SOUTH BEND, Ind. — Niagara coach Joe Mihalich knows there are no moral victories in college basketball. Still, he hopes his young team learned a few things Friday night in an 89-67 loss to No. 22 Notre Dame.
"I told our team after the game – and I think we're on our way – I told them we need to develop some of the characteristics that that team has," Mihalich said. "Whatever way they need to go to exploit the other team, they find it. They're solid, they're selfless, obviously they're very talented. They have good balance. They have perimeter guys, they have the big guy. I'll tell you what, they're going to be a tough out."
Antoine Mason led the Purple Eagles with 17 points. The 6-foot-3 sophomore came away from the loss impressed by 6-foot-9 Notre Dame forward Jack Cooley and took solace in the notion that he won't see anyone quite like Cooley this season in Metro Atlantic Athletic Conference play.
"He's a big guy," Mason said. "He had 20 points and 10 rebounds in the first half. We don't have to play anybody like that, thank God."
The Purple Eagles, who hadn't played a team ranked as high as No. 22 since 2000, fell to 12-78 against ranked opponents.
Niagara (5-7) committed 11 fouls in the first half and the Irish (12-1) took advantage, hitting 12 of 14 (86 percent) free throws. Cooley made half of those and was perfect from the stripe.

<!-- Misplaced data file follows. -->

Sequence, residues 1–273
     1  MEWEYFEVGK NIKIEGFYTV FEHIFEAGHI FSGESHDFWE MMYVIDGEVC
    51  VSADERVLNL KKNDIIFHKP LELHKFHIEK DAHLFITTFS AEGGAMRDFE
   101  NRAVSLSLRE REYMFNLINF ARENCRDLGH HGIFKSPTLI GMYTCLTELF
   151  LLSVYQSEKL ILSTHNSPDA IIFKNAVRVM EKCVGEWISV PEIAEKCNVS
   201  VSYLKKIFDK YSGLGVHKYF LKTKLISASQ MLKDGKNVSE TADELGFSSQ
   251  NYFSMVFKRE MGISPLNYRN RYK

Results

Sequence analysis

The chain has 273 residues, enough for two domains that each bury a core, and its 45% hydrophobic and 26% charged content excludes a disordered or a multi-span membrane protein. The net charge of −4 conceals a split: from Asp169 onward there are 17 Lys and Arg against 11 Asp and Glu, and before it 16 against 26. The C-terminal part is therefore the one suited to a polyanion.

The Irish got rolling as the game wore on, shooting a season-high 62 percent in their 10th consecutive victory. They put the game away with a 23-7 run during a 7-minute span midway through the second half, extending their lead to 20.
"In the first half everything was flowing good, shots were being made," Mason said. "In the second half, within the first 5 minutes, everything was going good but then they went on that little run and we could never come back."
Cooley had his eighth double-double in his last 10 games. He entered tied for second nationally in that statistic.
"I just wanted to go out there and be physical and I got a little upset at the beginning of the game, so that fueled me to play a little harder," said Cooley, who finished with 24 points and 15 rebounds, both season highs. "It was just the way they were playing me and the way our guards were getting me the ball, it was really helpful."
Notre Dame coach Mike Brey said Cooley might be the best offensive rebounder in the nation.
"It's just his will to go after that thing," Brey said. "And he's very underrated as an athlete. He's quick off his feet. His reach is long. Certainly he has great strength. And he has great hands. Just super hands. When he gets near it, it's usually his."
A series of plays in the first half epitomized the night. Cooley's easy putback off a missed 3-point attempt from the corner by Eric Atkins gave the Irish a 36-26 lead with 3:09 to play. The next time down the floor, Cooley blocked a shot, grabbed the loose ball and then drew a frustration foul from Mason.
Cooley sank both double-bonus free throws, putting the Irish up 12.
Cooley, whose minutes were limited by the lopsided margin, fell three points and three rebounds shy of his career highs.
Freshman forward Cameron Biedscheid had 15 points for Notre Dame, shooting 4 of 4 from 3-point range.
The winning streak is the longest for the Irish since a 10-game run four years ago.
Niagara was able to keep the game close for the first 12 minutes, cutting Notre Dame's lead to 25-24 when Mason drove inside and hit a layup as he fell to the court. But Cooley answered with six straight points, making a pair of baskets inside and then two free throws. Pat Connaughton added a 3-pointer to cap the 9-0 run, giving the Irish a 34-24 lead.